No reason has been shown as to why the statement of the Public Analyst contained in the report should not be accepted as true that the packet examined by him was not tampered with and could not have been tampered with is clear from the fact that the report of the Public Analyst clearly states that the seal was unbroken. The report also shows that the packet was properly sealed and fastened. The possibility of the sample being tampered with during transit appears to be the main basis of the judgment of Mr. Justice V. B. Raju in : AIR1964Guj136 . That basis does not exist so far as the present case is concerned. We are not really concerned with the possibility of what could have happened. We are concerned with the actual state of affairs. The sample reached the Analyst intact in a proper sealed condition. Since no question was specifically raised as to whether the specimen of the seal was separately sent the prosecution have not attempted to produce the relevant document in that connection. Mr. Kotwal for the Municipal Borough has shown me a report which is on Form No. VII framed under Rule 17 relating to 'memorandum to be forwarded to the Public Analyst.' That report clearly shows that a copy of the memorandum and specimen impression of the seal, used to seal the packet of sample, was separately sent by post. It is not necessary that the report of the public Analyst in form No. III need mention that the Public Analyst compared the seal on the packet with the specimen seal sent separately. The form No. III simply requires a statement to the effect that the sample was properly sealed and fastened and that the seal was intact and unbroken. The omission, therefore, in the report about comparison is not of any vital importance. It would be legitimate to raise a presumption under section 114 of the Evidence Act that when both the samples and the specimen were sent, the seals of the two articles were compared. Mr. Karlekar relied on the decision of the Mysore High Court in Mary Lazrado v. State of Mysore, AIR 1966 Mys 244. In that case the learned Judge relied upon the decision of the Gujarat High Court. He observed:
'The mere fact that the report of the Public Analyst contained a statement that the sample sent for analysis had been properly sealed and fastened and that he found the seal intact and unbroken is not sufficient. The presumption in regard to the regularity of procedure followed by the public Analyst may be raised when there is proof that the Food Inspector had discharged his functions according to the rules. To raise a presumption both in favour of the Food Inspector and the Public Analyst is to render the rules superfluous and meaningless.'
The learned Judge also observed-
'The procedure prescribed by the rules serves a great public purpose by guaranteeing impartial and honest handling of the sample despatched to, and received for analysis by the Public Analyst.'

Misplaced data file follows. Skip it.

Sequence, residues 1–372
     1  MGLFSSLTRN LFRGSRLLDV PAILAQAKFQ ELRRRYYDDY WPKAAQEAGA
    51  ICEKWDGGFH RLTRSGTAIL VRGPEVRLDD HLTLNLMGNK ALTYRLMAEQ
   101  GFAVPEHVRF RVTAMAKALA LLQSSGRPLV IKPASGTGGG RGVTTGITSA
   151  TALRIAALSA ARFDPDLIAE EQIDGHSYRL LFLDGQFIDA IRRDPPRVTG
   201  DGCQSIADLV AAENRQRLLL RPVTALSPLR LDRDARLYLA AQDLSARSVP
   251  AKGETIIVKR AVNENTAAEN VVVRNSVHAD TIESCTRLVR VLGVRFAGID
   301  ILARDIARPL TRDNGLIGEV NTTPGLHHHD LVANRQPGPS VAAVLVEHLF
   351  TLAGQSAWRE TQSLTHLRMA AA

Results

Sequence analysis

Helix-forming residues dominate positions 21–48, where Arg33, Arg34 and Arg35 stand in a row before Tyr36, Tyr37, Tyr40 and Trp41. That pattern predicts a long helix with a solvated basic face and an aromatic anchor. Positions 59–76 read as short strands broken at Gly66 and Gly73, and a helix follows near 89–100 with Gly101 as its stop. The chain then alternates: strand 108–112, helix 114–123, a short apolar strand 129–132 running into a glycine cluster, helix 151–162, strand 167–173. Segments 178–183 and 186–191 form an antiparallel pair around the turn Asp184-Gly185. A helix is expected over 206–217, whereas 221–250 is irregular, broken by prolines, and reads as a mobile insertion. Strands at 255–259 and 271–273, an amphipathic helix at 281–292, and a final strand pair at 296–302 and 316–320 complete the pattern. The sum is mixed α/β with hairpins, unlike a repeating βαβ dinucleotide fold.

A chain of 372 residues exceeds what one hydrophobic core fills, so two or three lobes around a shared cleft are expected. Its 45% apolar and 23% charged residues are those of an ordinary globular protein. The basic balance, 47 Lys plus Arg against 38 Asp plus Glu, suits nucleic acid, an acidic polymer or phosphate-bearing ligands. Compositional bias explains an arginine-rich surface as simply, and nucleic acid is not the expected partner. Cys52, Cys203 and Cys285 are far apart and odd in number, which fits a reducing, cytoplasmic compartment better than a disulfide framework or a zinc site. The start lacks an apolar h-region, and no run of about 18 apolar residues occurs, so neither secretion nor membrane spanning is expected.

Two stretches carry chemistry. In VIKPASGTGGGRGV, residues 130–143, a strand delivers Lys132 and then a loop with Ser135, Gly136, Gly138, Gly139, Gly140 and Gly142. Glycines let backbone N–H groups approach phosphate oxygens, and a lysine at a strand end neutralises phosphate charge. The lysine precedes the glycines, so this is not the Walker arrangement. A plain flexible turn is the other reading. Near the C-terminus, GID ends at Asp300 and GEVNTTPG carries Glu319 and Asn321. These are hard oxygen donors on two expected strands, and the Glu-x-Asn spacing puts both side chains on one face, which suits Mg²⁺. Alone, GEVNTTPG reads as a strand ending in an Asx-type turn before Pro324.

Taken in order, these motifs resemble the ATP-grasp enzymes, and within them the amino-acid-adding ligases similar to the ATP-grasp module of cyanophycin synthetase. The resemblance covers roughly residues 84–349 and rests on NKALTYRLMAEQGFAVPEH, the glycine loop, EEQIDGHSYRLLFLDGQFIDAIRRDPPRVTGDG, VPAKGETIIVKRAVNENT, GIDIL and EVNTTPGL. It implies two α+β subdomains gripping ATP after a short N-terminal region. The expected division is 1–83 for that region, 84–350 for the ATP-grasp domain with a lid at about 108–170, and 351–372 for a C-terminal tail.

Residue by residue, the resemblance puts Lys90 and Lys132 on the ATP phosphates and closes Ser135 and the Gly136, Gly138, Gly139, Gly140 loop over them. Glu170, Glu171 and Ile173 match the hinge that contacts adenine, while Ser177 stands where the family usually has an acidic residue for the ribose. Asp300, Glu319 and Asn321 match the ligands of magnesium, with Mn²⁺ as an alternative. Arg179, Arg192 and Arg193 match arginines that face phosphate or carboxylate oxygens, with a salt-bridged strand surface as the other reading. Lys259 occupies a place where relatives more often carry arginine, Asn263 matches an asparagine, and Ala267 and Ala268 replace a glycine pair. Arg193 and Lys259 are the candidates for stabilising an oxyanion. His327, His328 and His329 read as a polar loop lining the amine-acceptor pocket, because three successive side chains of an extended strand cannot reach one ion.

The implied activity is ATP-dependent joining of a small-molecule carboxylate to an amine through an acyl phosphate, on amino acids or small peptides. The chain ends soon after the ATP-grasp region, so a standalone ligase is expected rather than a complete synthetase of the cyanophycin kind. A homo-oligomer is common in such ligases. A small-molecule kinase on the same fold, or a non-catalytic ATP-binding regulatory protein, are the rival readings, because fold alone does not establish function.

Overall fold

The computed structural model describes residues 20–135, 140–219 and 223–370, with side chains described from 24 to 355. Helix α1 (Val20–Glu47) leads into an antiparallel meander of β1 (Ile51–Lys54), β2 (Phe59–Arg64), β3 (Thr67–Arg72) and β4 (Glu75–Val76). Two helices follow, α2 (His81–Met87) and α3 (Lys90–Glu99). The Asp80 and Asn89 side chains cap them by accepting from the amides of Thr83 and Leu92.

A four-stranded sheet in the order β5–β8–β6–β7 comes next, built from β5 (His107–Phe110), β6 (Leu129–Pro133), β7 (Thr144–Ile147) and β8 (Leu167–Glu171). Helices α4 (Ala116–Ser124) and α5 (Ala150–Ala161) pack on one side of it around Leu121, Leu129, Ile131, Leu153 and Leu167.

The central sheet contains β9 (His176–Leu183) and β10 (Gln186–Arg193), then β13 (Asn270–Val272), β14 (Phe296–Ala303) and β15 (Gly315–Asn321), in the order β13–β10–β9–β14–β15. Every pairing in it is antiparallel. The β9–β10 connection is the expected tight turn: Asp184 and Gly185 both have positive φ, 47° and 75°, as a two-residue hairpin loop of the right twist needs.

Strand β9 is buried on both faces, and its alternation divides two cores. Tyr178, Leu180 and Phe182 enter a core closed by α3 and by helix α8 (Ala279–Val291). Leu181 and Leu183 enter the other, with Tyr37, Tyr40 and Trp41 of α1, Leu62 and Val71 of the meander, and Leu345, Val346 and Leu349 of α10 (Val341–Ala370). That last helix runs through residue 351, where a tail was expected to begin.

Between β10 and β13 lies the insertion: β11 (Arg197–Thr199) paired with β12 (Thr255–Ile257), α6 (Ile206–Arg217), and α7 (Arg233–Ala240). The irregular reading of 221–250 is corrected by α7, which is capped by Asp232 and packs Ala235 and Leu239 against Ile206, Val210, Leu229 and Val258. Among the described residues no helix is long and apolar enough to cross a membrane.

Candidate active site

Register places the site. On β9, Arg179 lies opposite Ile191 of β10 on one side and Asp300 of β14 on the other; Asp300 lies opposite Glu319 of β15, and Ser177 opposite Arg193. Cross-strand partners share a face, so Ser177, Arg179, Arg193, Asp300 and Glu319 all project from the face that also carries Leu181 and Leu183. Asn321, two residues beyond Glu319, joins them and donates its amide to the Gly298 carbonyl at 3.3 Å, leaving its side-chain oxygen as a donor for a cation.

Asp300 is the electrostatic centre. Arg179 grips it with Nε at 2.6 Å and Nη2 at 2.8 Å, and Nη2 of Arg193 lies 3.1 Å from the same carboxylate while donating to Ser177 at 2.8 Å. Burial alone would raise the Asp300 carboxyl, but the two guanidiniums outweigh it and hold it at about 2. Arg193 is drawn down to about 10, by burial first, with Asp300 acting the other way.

It appears that in that case there is nothing to indicate that the specimen of the seal was separately forwarded by the Food Inspector. That is why the learned Judge observed that it would not be possible to draw a presumption in favour of the Food Inspector saying that he sent the specimen of the seal. I have already stated that as a matter of fact that there is a document, though not produced, showing that the specimen of the seal was separately forwarded by Post to the Public Analyst. Apart from this point of distinction, I am not disposed to agree, with great respect, with the reasoning of the learned Judge of the Mysore High Court as also the reasoning of the learned Judge of the Gujarat High Court. There are other safeguards provided by the Act and the Rules and the submission of the specimen of the seal of the pocket, is only one of them. In my opinion, it is comparatively a less important safeguard. One more safeguard is that the Public Analyst before examining the contents, must see that the seal in intact and unbroken. There is still more important safeguard provided by sections 11 and 13 of the Act itself. Under section 11 it is incumbent on the part of the Food Inspector to deliver one packet of the sample to the accused. Under section 13(2), it open to the accused to make an application to the Court for sending the part of the sample mentioned in section 11 to the Director of the Central Food Laboratory for a certificate. When such an application is made, the Court shall despatch the part of the sample after examining the mark and the seal put on the sample, to the Director of the Central Food Laboratory. The Director must submit his certificate to the Court within one month from the receipt of the sample. Sub-section (3) provides that the certificate issued by the Director of the Central Food Laboratory under sub-section (2) shall supersede the report given by the Public Analyst under sub-section (1). Sub-section (5) of section 13 provides that the report of the Public Analyst may be used as evidence of the facts stated therein, unless of course the same has been superseded by the certificate of the Director of the Central Food Laboratory. The proviso lays down that any document purporting to be a certificate signed by the Director of the Central Food Laboratory shall afford conclusive evidence to the facts stated therein. It would, thus, be clear that whereas the report of the Public Analyst can be used as evidence of the facts stated therein the certificate of the Director affords final and conclusive evidence to the facts stated therein the certificate of the Director affords final and conclusive evidence to the facts stated therein. It was open to the accused to utilised the provisions of section 13 and to call upon the court to send the packet given to him, which also contains the same seal to the Director of the Food Laboratory. The accused has not availed himself of the provisions of section 13. When so may important safeguards have been provided by the Act itself, it would not be proper to place undue emphasis on one technical safeguard provided in the Rules, viz., the comparison of the seal of the container with the specimen of the seal. If the specimen seal was sent separately as required by rule 18, there is no reason why the Public Analyst should fail to discharge the duty enjoined on him. At any rate at least on that narrow point, it would be legitimate to draw a presumption under section 114 of the Evidence Act. The question similar to the one I am called upon to decide in this case also arose before the Orissa High Court in the case of the State v. Umacharan, : AIR1966Ori81 . The learned Judge has drawn the attention to Form No. III and also rule 7(3) of the Act and concluded that it was not necessary for the public analyst to specifically state that he compared the two seals. The learned Judge of the Orissa High Court also stated that the presumption can be drawn that the Food Inspector must have discharged his duties as enjoined by Rule 7. With respect I agree with the view taken by the learned Judge.